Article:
Electricity company may leave Elm City

West Haven city officials confirmed Wednesday that they are planning to approach United Illuminating, New Haven’s third-largest for-profit employer, about a possible move to a West Haven site currently occupied by Bayer Healthcare — which announced last week that it will close within the next 12 to 18 months, cutting 1,000 jobs in the region.

While media reports on Wednesday suggested that the city of West Haven had sent a letter to UI inviting them to consider a move to Bayer’s current location, West Haven Mayoral Chief of Staff James Burns said the city has not begun a formal discussion about the future of the site but is moving forward on preliminary plans to approach the electricity company. UI representatives said they have not yet been contacted by West Haven officials, but have in the past considered moving to the city — one of many locations identified for a possible move.

Since 2002, UI has considered consolidating its operations, which are currently dispersed across New Haven and nearby towns, New Haven Deputy Director for Economic Development Tony Bialecki said.

Bayer announced on Nov. 9 that it would move the departments currently in the West Haven plant, built in 1965, to its New Jersey headquarters as part of the company’s centralization strategy, Burns said. In an attempt to keep Bayer in the state, the West Haven and state governments offered incentives to Bayer — including $60 million in financial assistance — but the company refused the package, he said. Burns said the German pharmaceutical company’s announcement was not surprising, as Bayer has been cutting its operations in the city since 2003 when the company cut 1,000 jobs at the West Haven site.

Eileen Buckheit, West Haven commissioner of planning and development, said her commission discussed the possibility of drafting a letter inviting UI to examine the Bayer site, but no letter has been sent. While attracting UI to West Haven would benefit the city, Buckheit said, it would also be good for the city if the site could be used to expand the region’s growing biotechnology industry, which provides high-paying jobs to the local community.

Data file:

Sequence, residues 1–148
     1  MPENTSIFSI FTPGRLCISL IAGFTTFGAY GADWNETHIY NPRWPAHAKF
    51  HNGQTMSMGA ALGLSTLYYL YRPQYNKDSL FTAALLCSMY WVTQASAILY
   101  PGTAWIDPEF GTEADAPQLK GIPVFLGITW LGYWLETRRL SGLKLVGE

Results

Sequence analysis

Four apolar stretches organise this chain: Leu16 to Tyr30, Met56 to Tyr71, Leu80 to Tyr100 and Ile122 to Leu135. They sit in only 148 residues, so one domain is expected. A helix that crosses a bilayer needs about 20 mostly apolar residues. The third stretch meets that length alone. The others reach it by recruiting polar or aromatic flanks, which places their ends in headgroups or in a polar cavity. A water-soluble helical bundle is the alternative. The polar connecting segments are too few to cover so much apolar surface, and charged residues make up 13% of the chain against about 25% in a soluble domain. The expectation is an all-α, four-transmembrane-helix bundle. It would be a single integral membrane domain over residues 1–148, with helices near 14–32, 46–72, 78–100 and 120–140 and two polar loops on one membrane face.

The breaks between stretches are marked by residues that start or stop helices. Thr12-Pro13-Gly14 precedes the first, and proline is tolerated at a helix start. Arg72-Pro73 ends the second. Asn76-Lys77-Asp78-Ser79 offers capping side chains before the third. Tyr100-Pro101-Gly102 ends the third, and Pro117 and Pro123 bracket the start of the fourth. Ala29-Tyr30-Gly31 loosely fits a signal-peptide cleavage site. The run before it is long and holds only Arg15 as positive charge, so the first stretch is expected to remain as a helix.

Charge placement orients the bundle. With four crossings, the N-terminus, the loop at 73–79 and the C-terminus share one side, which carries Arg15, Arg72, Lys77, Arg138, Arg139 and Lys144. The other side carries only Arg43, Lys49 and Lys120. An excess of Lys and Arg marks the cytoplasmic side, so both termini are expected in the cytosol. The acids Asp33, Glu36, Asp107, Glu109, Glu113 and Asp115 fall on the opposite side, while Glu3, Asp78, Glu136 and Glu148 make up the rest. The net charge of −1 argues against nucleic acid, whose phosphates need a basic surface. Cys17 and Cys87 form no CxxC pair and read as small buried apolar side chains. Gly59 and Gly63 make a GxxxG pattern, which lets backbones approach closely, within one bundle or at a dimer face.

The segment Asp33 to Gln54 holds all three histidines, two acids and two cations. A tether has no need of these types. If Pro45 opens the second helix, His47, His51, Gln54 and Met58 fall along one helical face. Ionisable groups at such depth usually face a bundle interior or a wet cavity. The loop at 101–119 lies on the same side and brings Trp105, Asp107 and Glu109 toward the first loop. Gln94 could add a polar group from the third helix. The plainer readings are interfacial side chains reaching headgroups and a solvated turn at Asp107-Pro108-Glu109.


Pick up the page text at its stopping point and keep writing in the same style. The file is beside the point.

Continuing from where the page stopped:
“I think that it is in this region’s best interest to capitalize on a market that is already here and that is biotech,” she said.

Anita Steeves, a spokeswoman for UI, said the company has not received a letter from the city of West Haven, but it has begun looking at cities in the Greater New Haven region for a centralized headquarters. She said UI has been looking to combine its five locations — currently dispersed in New Haven, North Haven and Sheltnam — into one central campus.

“In essence, we are pulling together our company in one spot,” Steeves said. “We have been looking in different towns in our territory for a place [but] we have not made any final decisions.”

New Haven Urban Design League President Anstress Farwell GRD ’78 said UI has historically enjoyed a very close relationship with the Elm City. About 10 years ago, the company moved its corporate headquarters from what is now Criterion Cinemas on Temple Street to the Financial District on Church Street. UI’s lease for its Church Street office runs to 2012.

Farwell said that while she hopes UI’s corporate headquarters will remain in New Haven, she is unsure whether it is in the city of West Haven’s interest to encourage UI to move to the Bayer site, as it is not yet certain whether UI will leave New Haven.

“I would question if it would even be in West Haven’s interest if this is a long-term wait for someone who still isn’t committed entirely to leaving New Haven,” Farwell said.

Bialecki said the city has worked with UI to find an appropriate site in New Haven for the company’s centralized headquarters — in industrial parks in Fair Haven and in the harbor — but they have been unable to find anything up to now.

But Steeves said UI has not set itself any deadlines and has not ruled out the possibility of remaining in New Haven.

“We do not have a deadline,” she said. “We would like to be wherever we can build our central facility.”

UI provides electricity to households in New Haven and the greater New Haven area, and currently employs over 900 people.

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